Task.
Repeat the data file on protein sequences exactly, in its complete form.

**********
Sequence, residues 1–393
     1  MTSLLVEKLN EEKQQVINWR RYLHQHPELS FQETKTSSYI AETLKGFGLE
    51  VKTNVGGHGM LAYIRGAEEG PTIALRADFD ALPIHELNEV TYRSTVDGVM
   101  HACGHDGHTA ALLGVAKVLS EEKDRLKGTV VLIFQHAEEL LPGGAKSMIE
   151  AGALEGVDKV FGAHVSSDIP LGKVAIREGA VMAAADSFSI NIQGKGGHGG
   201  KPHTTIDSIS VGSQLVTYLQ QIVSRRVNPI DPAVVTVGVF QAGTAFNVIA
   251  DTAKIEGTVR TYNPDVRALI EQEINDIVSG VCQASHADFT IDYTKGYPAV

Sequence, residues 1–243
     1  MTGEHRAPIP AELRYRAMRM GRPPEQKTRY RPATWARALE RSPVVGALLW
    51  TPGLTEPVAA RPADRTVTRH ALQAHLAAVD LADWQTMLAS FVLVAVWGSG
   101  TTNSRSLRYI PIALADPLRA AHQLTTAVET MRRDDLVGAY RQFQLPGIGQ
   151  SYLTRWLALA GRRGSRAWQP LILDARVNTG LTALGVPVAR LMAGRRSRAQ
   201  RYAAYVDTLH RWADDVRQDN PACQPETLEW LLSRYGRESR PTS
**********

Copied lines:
Sequence, residues 1–393
     1  MTSLLVEKLN EEKQQVINWR RYLHQHPELS FQETKTSSYI AETLKGFGLE
    51  VKTNVGGHGM LAYIRGAEEG PTIALRADFD ALPIHELNEV TYRSTVDGVM
   101  HACGHDGHTA ALLGVAKVLS EEKDRLKGTV VLIFQHAEEL LPGGAKSMIE
   151  AGALEGVDKV FGAHVSSDIP LGKVAIREGA VMAAADSFSI NIQGKGGHGG
   201  KPHTTIDSIS VGSQLVTYLQ QIVSRRVNPI DPAVVTVGVF QAGTAFNVIA
   251  DTAKIEGTVR TYNPDVRALI EQEINDIVSG VCQASHADFT IDYTKGYPAV

Sequence, residues 1–243
     1  MTGEHRAPIP AELRYRAMRM GRPPEQKTRY RPATWARALE RSPVVGALLW
    51  TPGLTEPVAA RPADRTVTRH ALQAHLAAVD LADWQTMLAS FVLVAVWGSG
   101  TTNSRSLRYI PIALADPLRA AHQLTTAVET MRRDDLVGAY RQFQLPGIGQ
   151  SYLTRWLALA GRRGSRAWQP LILDARVNTG LTALGVPVAR LMAGRRSRAQ
   201  RYAAYVDTLH RWADDVRQDN PACQPETLEW LLSRYGRESR PTS